Surprises Down Under
January 21, 2009 -- Yen-Hsun Lu could have strolled the grounds of any tennis venue without being noticed... until today. His obscurity bubble popped wide open this evening when he beat #10 seed David Nalbandian in the second round of the Australian Open: 64 57 46 64 62. Lu hasn't advanced farther than the third round in any Grand Slam. And Nalbandian hasn't lost in the second round of a Grand Slam since 2002. How quickly things change.
Last summer at The Indianapolis Tennis Championships Lu was scheduled to play James Blake. In his post-match interview a reporter asked Blake about the impending contest. The question posed intimated that Blake was a sure-fire winner, like why wouldn't he win? Lu at the time was ranked 75 and Blake was the tournament's #1 seed.
"Hey, Lu is someone for me to be very careful with," James began, a bit annoyed that the reporter had been so pretentious. "I've seen him play. Have you seen him play? He can play well. He's very quick."
A good lesson for that reporter, and a good lesson for any player who believes an upper hand comes along with a higher ranking. Blake did defeat Lu in Indy, though. He had found the zone that sticky afternoon. They were off court in 47 minutes. Who stood across the net from James didn't really matter. James just played awesome ball. Let's hope he can slip through to that mysterious place here in Melbourne.
David Nalbandian, though, has no one to blame but himself. He strung together brilliant points, demonstrating to fans his perfection. Then he seemed to vacate the stadium the way a thief flees at a crime scene. He stalked the baseline, moving the ball around with ease and then slapped a shot wide for no apparent reason, except it always comes down to technique.
Both men battled for control on the last point of the match with Yu serving. The game lasted over ten minutes. They played at least six deuces. You would expect Lu's nervousness. However, Nalbandian has been all the way to the final of a Grand Slam. He's defeated Roger Federer and Rafael Nadal in succession at Masters Series Tournaments. Come on Da-veed... get your act together.
Lu left the stadium with a smile on his face and his cell phone ringing. Tommy Robredo is his next opponent. He's seeded #21. Maybe this will be Lu's finest hour in a Grand Slam, after having previously tried twelve times to make an impression.
Novak Djokovic -- #3 in the world -- wouldn't consider Lu a threat, though. The defending champion said today that he doesn't consider Andy Murray a threat either and he's ranked #4. Maybe Novak should heed the wisdom of James Blake and consider the reality of Murray's abilities. For example that he's beaten Novak the last two times they've met. And that Murray has a winning record over Federer.
However, Djokovic thinks that since he has a couple thousand ranking points on Murray he surely would beat him here. Talk about flawed logic. Anyone can get hot. It doesn't depend on points. Lu ended Andy Murray's hopes of Olympic glory in Beijing, defeating the Scot in the first round. Djokovic has defeated Murray four of the six times they've battled. But Murray has won the last two.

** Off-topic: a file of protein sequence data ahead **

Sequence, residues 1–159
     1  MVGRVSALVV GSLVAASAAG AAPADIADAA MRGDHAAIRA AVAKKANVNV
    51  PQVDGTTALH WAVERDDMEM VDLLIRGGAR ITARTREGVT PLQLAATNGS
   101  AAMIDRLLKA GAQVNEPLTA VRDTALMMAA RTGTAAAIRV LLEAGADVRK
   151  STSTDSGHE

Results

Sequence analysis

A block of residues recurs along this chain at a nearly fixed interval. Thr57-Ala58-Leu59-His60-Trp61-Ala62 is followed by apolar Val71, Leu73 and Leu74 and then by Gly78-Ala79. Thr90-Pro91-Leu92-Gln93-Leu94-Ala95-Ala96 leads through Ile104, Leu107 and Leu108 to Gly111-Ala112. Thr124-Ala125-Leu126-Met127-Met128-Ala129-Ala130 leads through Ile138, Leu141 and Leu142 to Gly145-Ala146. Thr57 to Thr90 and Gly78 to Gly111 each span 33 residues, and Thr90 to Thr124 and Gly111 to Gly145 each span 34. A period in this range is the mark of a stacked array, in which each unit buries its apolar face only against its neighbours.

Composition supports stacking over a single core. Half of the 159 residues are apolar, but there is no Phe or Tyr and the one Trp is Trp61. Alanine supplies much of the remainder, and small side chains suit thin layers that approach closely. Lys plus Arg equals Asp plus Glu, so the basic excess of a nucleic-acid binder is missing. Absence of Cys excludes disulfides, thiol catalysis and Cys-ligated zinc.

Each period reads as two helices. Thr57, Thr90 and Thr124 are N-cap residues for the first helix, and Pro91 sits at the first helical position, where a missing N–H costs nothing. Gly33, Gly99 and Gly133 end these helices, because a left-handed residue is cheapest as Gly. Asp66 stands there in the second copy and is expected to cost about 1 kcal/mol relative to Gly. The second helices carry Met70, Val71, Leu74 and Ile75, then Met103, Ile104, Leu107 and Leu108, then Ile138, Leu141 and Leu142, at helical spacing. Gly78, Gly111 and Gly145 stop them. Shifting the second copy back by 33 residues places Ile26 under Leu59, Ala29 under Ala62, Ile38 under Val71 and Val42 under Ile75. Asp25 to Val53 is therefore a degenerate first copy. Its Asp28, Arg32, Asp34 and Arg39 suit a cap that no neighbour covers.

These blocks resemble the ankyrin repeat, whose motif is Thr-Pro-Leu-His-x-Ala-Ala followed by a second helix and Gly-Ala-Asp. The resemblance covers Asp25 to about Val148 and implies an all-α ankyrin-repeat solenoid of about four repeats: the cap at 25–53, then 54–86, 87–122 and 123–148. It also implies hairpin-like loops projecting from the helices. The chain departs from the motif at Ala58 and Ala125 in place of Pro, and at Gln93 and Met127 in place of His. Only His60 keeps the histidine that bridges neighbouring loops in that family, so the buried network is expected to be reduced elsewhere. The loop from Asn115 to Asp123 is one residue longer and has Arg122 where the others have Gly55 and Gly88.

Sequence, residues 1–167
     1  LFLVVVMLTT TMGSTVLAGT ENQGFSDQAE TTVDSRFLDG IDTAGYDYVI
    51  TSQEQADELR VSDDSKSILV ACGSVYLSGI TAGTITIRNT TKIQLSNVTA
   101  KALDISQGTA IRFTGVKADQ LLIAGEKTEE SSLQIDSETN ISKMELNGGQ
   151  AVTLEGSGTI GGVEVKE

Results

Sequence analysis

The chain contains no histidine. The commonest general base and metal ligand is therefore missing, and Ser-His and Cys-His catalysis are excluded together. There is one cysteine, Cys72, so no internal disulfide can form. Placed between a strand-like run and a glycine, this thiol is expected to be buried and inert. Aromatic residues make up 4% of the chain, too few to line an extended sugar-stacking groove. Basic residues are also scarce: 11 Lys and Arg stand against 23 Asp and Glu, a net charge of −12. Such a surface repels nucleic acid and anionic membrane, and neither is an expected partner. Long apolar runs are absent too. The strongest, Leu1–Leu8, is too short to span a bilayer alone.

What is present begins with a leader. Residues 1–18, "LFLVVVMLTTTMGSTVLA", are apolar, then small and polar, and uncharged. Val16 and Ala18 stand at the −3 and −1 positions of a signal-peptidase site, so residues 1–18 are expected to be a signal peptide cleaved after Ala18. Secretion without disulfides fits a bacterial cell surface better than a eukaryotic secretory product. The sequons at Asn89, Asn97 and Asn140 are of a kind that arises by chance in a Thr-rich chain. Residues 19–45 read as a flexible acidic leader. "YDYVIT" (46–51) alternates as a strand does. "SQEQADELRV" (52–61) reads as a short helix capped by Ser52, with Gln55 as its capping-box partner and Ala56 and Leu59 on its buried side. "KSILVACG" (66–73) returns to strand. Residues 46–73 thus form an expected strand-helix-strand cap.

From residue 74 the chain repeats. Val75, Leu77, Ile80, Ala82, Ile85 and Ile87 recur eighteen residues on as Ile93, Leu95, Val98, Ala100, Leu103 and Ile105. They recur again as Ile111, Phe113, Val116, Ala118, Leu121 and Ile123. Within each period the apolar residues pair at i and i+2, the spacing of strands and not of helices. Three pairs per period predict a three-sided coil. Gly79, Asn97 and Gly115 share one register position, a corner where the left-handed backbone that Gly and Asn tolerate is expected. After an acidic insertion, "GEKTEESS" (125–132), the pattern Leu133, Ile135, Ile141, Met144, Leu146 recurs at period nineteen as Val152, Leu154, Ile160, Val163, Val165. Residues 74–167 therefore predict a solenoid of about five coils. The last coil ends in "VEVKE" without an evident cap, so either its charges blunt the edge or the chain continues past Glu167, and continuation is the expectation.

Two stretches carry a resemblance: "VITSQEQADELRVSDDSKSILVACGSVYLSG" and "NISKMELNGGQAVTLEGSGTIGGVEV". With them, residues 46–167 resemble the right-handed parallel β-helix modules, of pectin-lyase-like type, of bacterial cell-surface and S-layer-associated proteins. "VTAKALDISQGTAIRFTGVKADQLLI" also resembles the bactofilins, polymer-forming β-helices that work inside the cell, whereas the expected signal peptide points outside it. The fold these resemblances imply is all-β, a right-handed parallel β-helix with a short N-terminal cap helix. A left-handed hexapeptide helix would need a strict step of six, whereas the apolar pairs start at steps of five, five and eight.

Couple Djokovic's bravado, assured attitude and ebullient court gestures, with the rumblings of cultural dissent demonstrated today by fans representing Serbia, Croatia, and Bosnia, and his next match against Amer Delic, a native-born Bosnian who has lived in the United States since he was a youngster, could provoke tournament officials to enact the somewhat strident rule, which states "zero tolerance" for unruly crowds.
But they didn't take the boisterous crowds to task today.
A persistent group of Bosnian fans wouldn't back off their taunts during the match between Delic and Paul Henri Mathieu. Try as he could the Frenchman lost his confidence and concentration, two fragile commodities he struggles to possess. Having been up two sets, Delic and his cheering fans wore down Mathieu to the disastrous effect of losing the match 9/7 in the fifth.
Amer apologized to his opponent for the annoyance. He also posted a plea for calm on his personal web site. Let's hope that these incidents don't spoil the third-round match between Serbian Novak Djokovic and Amer Delic. And let's hope that the tournament management enforces policies meant to maintain order. Tennis isn't soccer, but today's incidents mimicked scenes from rowdy football rather than genteel tennis.
Wildcard and resurgent Jelena Dokic ended Australian Open hopes for the 17th seed Anna Chakvetadze 64 67(4) 63. Dokic served for the match in the second set at 53, but her forehand and timing went awry. Through persistence and faith, it seemed, crowd favorite Dokic persevered and reversed her downward spiral. Through to the third round, Jelena will next meet Caroline Wozniacki, the #11 seed, and dark horse according to several tennis commentators.
Youngster Bernard Tomic went out in four sets against Gilles Muller, during the last match of the evening session. The young Aussie hopeful came out swinging and quickly won the first set, but couldn't withstand the power and lefty serves from his opponent.
"He [Tomic] knows how to win points," Darren Cahill, ESPN commentator, said with a hint of country pride. "I'm enjoying myself watching him out here. He's loose and relaxed. He has a good sense of the court."